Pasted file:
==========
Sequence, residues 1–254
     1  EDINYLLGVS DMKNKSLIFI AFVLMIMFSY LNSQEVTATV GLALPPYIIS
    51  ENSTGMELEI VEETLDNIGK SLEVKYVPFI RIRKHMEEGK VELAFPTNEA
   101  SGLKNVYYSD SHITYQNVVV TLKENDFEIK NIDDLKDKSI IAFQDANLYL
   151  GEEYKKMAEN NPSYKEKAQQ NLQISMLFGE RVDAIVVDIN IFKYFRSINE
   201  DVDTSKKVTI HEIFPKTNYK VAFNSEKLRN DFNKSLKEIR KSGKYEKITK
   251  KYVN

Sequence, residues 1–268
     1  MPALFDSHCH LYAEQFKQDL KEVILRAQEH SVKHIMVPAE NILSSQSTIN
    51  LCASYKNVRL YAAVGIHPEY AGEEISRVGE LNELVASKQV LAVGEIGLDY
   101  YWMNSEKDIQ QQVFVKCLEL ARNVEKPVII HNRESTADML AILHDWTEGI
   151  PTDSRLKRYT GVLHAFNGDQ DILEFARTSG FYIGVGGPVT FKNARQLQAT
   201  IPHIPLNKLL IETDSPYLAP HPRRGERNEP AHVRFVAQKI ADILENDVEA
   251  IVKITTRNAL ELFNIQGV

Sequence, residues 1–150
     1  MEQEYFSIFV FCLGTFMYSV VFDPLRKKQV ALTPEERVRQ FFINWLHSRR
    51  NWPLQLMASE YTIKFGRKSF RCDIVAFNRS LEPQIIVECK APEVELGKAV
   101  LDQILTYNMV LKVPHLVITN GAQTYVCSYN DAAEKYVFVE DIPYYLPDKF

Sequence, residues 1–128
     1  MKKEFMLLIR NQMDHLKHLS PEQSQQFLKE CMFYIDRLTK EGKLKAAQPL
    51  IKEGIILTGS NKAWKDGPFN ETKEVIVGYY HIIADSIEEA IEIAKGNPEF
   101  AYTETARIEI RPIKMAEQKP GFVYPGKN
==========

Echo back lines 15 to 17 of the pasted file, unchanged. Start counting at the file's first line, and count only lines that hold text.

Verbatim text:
Sequence, residues 1–150
     1  MEQEYFSIFV FCLGTFMYSV VFDPLRKKQV ALTPEERVRQ FFINWLHSRR
    51  NWPLQLMASE YTIKFGRKSF RCDIVAFNRS LEPQIIVECK APEVELGKAV